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Have You Given Up? 7 Apps That Help You Keep Your Goals Throughout the Year

Have You Given Up? 7 Apps That Help You Keep Your Goals Throughout the Year

According to a study at the University of Bristol, roughly 88% of Goals set in new year fail, and if you’re like the hundreds of millions of people in the world who set goals, you’ve probably had that experience before. Well, thankfully you can avoid repeating it, as long as you have a smartphone on hand. There’s an app in your favorite apps center for nearly every kind of personal tracking you can imagine, from calorie counting to learning math.

choosing a goal and sticking

    Here they are, sorted by the popularity of goals they track:

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    Get in shape: MyFitnessPal

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          There is no shortage of fitness-related apps on the market, but MFP is unique in a couple of different ways. First, it’s completely free for iOS and Android users, which is a welcome relief. Second, it is super-simple to use. The idea behind MFP is very basic—studies show that keeping track of calorie intake leads to a decrease. With that in mind, MFP is built to be gimmick-free and intuitive, and it has a large directory of foods so you don’t have to go searching the back of the cereal box.

          Get a job: JobServe Connect

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              One of the oldest job search sites on the internet also runs one of the most comprehensive job search apps around. There may not be many bells and whistles, but the database itself is the killer app here.

              Be more productive: Simply Business Guide

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                While this is not technically a mobile app, this productivity guide should work just fine on your iPhone or Android. The basic premise is that for every aspect of business that troubles you, there’s a productivity solution, whether that issue is email, travel, meetings, or anything else. Unlike other guides of the same type, Simply Business doesn’t pretend to have all the answers themselves—the guide links you to the best ideas from experts in every field, so you don’t have to guess whether the advice is good.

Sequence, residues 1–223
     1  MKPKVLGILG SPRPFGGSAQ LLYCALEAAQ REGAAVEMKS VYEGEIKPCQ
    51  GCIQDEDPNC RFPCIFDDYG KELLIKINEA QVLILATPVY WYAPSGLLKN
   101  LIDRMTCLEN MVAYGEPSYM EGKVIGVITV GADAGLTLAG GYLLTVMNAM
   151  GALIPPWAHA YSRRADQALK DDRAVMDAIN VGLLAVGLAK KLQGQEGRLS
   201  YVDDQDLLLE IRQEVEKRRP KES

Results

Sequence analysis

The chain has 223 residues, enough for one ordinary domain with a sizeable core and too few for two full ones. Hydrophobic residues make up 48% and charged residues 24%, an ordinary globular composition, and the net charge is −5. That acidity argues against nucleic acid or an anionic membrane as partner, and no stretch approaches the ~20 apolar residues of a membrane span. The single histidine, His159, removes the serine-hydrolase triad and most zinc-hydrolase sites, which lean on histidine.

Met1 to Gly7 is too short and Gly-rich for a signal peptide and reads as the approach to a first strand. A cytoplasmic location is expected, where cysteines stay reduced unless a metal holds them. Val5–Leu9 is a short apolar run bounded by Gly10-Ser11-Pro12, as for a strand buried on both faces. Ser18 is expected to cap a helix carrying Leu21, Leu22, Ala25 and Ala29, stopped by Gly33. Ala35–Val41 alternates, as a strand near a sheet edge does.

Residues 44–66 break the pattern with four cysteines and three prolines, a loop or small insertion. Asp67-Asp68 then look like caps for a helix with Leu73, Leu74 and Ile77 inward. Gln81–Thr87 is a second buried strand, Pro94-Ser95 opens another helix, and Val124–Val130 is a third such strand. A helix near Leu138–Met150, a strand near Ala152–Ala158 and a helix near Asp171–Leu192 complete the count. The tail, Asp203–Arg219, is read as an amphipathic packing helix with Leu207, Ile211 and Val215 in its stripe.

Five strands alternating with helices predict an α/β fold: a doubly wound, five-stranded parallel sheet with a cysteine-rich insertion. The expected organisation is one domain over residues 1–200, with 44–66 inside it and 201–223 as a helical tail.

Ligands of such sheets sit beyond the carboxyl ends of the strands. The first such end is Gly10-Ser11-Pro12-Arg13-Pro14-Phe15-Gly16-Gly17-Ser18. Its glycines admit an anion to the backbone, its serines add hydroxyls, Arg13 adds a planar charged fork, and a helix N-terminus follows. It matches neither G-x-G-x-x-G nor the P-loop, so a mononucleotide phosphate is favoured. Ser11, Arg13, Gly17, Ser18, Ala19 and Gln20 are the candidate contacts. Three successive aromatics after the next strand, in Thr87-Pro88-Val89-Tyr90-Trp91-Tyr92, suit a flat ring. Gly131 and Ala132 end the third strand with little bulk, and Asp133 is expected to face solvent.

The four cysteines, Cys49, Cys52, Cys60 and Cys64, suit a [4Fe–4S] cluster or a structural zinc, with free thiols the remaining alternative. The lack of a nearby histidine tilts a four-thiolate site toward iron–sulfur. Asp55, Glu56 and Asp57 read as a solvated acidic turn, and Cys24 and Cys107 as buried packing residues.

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                Get out of debt: Mint

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                      The internet’s favorite personal finance app also exists on iOS and Android, with versions optimized for phones or tablets. The power of Mint lies in its ability to track everything related to your finances, so you have a picture of what needs to be cut and what needs to be paid off right at your fingertips. The more information you feed Mint, the better the overview you get—especially if you link your Mint account to your financial accounts. (US & CA only)

                      Get organized: Tomboy

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                          Again, simplicity rules the day when it comes to keeping your resolutions (studies show that people with simpler and fewer resolutions are more likely to keep them). Tomboy is about as simple as it gets—a note-taking app for any general computing platform. This is another piece that isn’t exactly a phone app, but note-taking works best on a full computer anyway. Notes can be cross-linked with each other, wiki-style.

                          Learn something new: Khan Academy

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                                Salman Khan’s math tutoring videos for his nephew became a full-blown educational tool and a worldwide sensation in 2009, and Khan Academy’s mission only gets more and more ambitious. Use the iOS app for iPad to access all the videos, testing materials, and your personal account. Khan offerings have expanded from math, physics, and chemistry, out to literature, economics, and art history. Khan Academy also gives users awards for completing lessons and goals, which keeps users interested.